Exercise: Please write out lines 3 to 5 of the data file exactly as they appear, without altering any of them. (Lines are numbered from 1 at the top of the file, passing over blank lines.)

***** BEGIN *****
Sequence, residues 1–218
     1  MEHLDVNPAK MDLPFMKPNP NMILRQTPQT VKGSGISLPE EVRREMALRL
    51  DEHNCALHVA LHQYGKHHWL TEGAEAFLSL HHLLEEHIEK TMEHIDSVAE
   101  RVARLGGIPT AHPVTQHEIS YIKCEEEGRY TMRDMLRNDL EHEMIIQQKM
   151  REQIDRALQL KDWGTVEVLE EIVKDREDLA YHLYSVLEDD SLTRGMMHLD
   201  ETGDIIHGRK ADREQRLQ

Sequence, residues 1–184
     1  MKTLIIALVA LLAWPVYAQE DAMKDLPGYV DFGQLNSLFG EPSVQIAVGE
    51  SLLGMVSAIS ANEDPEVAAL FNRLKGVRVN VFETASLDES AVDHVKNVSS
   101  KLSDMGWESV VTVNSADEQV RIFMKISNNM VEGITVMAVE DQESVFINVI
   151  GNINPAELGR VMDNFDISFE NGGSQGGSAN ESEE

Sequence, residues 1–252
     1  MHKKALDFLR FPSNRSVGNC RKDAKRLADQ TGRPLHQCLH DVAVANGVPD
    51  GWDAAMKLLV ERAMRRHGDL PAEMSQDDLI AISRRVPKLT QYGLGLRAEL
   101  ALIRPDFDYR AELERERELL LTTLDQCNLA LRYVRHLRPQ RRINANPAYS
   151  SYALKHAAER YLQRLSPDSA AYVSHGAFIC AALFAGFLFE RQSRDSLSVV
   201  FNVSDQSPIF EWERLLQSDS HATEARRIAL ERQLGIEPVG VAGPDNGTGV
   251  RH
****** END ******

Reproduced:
    51  DEHNCALHVA LHQYGKHHWL TEGAEAFLSL HHLLEEHIEK TMEHIDSVAE
   101  RVARLGGIPT AHPVTQHEIS YIKCEEEGRY TMRDMLRNDL EHEMIIQQKM
   151  REQIDRALQL KDWGTVEVLE EIVKDREDLA YHLYSVLEDD SLTRGMMHLD